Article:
The number of Seminole Countians testing positive for COVID-19 continued to rise in the last week; but the number of local citizens who have died from the disease, which is caused by the novel Coronavirus, remained at two. The county jumped from 22 positive cases last week to 30 as of Wednesday, April 29.
Nearby Georgia counties, with the exception of Miller, continue to experience much higher numbers, especially Mitchell County, with 29 deaths and 294 positive cases and Early County with 18 deaths and 208 positive cases. Decatur County has 66 reported positive cases with only one death and Miller County has had 31 positive cases reported with zero deaths according to the state’s Department of Public Health website.
The shelter-in-place order is due to expire today, Thursday, April 30 unless Gov. Brian Kemp extends it, except for the elderly and medically fragile, who must remain at home at least through May 13.
Dougherty County continues to record the highest number of deaths from
COVID-19 of any county in the state. They have had 118 citizens die, compared to 108 in Fulton, 81 in Cobb, and 54 in Gwinnett counties where the population is more than eight times greater than Dougherty County’s population of 89,905.
As of Wednesday, April 29 at 11 a.m., there have been 25,159 cases of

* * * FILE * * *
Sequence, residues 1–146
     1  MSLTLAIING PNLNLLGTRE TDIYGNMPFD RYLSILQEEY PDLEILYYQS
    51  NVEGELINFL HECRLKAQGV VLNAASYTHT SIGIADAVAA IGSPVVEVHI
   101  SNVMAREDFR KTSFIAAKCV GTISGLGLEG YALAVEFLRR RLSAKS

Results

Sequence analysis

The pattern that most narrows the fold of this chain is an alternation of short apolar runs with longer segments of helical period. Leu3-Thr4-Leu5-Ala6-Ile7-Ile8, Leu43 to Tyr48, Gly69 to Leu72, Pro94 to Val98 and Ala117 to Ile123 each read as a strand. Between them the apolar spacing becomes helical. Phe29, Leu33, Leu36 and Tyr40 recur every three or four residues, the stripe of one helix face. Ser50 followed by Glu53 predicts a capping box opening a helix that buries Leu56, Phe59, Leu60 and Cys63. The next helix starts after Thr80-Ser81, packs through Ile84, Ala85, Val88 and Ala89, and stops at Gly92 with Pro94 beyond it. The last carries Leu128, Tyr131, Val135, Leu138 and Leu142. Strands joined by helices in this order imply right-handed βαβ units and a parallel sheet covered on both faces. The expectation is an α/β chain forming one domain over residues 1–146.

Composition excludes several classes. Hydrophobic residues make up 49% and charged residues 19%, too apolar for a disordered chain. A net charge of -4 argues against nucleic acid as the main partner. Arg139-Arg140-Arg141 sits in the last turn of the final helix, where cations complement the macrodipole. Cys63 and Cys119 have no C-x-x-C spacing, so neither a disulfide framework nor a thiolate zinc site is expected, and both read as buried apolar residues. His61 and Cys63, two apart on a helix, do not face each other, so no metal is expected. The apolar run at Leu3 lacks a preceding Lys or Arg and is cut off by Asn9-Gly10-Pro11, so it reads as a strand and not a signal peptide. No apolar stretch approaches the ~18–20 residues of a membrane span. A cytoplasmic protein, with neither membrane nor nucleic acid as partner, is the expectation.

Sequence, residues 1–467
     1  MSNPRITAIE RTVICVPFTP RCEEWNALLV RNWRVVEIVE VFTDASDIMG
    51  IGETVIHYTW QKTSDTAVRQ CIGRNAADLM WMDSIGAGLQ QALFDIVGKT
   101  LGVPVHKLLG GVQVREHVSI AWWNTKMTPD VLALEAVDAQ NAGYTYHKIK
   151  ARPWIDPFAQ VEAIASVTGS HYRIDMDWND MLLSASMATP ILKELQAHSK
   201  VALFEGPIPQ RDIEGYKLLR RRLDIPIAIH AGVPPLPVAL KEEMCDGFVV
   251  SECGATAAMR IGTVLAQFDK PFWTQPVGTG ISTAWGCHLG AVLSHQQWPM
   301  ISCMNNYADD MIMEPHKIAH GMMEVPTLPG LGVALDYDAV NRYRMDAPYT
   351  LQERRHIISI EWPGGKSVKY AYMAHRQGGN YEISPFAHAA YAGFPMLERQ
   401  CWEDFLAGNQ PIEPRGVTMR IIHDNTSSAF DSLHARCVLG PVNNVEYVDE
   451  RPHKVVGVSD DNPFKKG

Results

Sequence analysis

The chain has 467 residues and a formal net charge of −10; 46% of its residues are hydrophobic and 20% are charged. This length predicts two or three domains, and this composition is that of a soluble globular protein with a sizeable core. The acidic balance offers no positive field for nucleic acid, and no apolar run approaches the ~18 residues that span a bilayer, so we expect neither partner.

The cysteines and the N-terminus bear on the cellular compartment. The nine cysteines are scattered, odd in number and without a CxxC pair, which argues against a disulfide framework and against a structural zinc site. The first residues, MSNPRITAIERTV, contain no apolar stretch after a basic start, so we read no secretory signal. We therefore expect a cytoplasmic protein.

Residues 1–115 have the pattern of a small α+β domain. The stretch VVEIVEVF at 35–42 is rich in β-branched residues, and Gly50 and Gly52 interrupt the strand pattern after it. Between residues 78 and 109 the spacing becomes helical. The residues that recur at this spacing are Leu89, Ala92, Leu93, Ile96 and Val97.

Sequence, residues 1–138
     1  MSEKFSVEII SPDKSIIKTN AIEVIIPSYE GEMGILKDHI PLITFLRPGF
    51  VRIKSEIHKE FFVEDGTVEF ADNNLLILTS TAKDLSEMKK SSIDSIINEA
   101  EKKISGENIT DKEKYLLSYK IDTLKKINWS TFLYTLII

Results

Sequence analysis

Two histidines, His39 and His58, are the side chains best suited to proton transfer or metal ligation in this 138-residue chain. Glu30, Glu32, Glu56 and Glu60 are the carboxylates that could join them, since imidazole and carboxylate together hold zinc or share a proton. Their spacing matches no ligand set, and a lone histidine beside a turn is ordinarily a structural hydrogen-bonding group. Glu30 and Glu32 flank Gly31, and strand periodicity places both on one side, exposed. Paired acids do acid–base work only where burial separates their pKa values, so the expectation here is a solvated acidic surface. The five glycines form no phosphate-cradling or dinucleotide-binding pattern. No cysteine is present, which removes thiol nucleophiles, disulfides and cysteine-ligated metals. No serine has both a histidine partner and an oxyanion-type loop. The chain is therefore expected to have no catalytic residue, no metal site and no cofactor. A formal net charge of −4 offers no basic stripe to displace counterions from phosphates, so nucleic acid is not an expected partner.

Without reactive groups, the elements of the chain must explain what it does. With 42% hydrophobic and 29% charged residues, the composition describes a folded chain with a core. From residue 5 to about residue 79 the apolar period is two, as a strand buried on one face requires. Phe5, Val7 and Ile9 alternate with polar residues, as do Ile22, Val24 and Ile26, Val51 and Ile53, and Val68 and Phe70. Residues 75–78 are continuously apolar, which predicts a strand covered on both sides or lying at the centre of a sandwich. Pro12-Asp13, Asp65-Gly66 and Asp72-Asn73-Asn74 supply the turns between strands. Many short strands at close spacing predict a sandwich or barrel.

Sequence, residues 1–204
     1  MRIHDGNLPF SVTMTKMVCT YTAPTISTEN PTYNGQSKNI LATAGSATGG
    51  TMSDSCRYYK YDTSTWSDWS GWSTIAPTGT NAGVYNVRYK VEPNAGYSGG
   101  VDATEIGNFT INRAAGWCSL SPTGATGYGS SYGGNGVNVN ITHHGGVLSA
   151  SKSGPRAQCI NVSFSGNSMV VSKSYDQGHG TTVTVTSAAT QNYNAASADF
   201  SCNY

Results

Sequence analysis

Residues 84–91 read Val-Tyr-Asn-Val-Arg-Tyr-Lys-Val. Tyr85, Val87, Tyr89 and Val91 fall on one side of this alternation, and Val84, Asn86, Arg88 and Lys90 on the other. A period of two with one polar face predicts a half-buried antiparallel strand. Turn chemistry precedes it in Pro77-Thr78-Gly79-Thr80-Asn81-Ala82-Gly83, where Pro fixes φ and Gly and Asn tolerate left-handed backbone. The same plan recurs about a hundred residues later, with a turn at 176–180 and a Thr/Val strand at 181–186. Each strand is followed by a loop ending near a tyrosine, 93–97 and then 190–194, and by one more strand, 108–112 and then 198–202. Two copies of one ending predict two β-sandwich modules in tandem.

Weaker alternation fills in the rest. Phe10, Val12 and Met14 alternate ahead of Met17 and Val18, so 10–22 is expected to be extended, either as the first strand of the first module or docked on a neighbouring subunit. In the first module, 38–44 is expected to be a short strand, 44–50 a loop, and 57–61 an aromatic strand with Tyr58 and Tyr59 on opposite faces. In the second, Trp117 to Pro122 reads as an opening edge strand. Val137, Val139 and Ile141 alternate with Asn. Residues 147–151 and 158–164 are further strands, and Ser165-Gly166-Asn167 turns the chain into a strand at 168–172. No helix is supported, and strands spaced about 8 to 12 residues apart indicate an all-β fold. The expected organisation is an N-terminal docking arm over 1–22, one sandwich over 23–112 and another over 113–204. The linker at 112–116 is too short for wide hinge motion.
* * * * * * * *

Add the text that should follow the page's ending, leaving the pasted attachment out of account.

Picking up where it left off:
COVID-19 statewide, and 1,043 deaths reported to state health officials. The deaths account for 4.14% of cases seen in the state so far.
There have also been 4,921 hospitalizations in Georgia, which accounts for 19.55% of all cases seen in the state.
Health officials have not released figures on the number of people who got COVID-19, but later recovered.
The Centers for Disease Control and Prevention added six new symptoms to its list of symptoms for COVID-19.
The new symptoms are chills, repeated shaking with chills, muscle pain, headache, sore throat, and new loss of taste and/or smell. These symptoms join the original symptoms of fever, cough and shortness of breath/difficulty breathing. Symptoms of COVID-19 typically appear 2-14 days after exposure and range from mild to severe.
The Georgia Department of Public Health is expanding testing throughout the state, so it is important for people to recognize these symptoms and seek testing if they are ill.
All symptomatic individuals are eligible for COVID-19 testing.
People should not arrive unannounced or without a scheduled appointment at a specimen collection site. There are two ways to be referred for COVID-19 testing: either by the local health department or a physician.
Health care providers and/or physicians can still refer patients for COVID-19 testing.
Social distancing, hand washing for 20 seconds, and wearing a mask in stores and businesses are still encouraged.